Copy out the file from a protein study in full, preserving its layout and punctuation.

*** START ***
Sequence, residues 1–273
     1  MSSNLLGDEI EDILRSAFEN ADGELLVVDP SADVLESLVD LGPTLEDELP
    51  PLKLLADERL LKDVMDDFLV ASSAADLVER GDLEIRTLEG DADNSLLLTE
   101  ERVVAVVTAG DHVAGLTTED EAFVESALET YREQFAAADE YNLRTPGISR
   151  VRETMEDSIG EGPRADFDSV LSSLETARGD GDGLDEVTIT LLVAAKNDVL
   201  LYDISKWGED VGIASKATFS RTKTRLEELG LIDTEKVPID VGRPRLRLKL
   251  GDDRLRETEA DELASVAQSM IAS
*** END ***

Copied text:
Sequence, residues 1–273
     1  MSSNLLGDEI EDILRSAFEN ADGELLVVDP SADVLESLVD LGPTLEDELP
    51  PLKLLADERL LKDVMDDFLV ASSAADLVER GDLEIRTLEG DADNSLLLTE
   101  ERVVAVVTAG DHVAGLTTED EAFVESALET YREQFAAADE YNLRTPGISR
   151  VRETMEDSIG EGPRADFDSV LSSLETARGD GDGLDEVTIT LLVAAKNDVL
   201  LYDISKWGED VGIASKATFS RTKTRLEELG LIDTEKVPID VGRPRLRLKL
   251  GDDRLRETEA DELASVAQSM IAS